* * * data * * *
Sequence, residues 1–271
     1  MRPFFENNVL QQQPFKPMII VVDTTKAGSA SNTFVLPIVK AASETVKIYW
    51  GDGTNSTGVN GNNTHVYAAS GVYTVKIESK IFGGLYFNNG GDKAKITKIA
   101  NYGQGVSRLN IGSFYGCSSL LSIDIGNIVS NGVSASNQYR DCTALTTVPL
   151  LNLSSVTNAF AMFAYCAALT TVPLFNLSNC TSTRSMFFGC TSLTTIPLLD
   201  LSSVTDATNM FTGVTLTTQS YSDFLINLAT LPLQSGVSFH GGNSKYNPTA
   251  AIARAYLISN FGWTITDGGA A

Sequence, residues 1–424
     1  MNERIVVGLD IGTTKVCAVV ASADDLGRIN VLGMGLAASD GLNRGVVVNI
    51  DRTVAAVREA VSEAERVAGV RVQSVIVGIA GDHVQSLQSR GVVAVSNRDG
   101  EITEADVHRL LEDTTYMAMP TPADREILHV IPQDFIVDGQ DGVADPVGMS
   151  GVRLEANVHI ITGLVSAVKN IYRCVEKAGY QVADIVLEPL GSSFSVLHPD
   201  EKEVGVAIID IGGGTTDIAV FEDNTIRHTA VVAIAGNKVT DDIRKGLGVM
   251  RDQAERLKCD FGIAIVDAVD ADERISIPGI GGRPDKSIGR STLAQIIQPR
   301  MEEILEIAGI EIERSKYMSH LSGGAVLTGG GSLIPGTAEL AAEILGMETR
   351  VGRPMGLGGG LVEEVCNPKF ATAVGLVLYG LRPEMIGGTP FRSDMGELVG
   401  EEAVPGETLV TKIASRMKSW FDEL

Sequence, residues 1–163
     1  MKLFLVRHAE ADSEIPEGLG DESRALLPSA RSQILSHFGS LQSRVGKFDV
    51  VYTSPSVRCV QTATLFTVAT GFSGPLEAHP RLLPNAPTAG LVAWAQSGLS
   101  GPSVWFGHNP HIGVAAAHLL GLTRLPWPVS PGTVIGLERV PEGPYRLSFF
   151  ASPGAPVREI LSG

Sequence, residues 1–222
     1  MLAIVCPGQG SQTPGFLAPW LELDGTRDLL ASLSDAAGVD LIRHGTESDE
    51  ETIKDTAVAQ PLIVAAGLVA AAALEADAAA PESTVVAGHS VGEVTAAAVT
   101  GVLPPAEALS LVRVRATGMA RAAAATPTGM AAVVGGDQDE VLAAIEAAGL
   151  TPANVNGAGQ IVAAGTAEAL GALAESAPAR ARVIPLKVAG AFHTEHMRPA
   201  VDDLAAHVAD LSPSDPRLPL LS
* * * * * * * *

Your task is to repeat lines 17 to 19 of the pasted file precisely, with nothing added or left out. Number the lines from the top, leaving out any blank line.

   401  EEAVPGETLV TKIASRMKSW FDEL

Sequence, residues 1–163
     1  MKLFLVRHAE ADSEIPEGLG DESRALLPSA RSQILSHFGS LQSRVGKFDV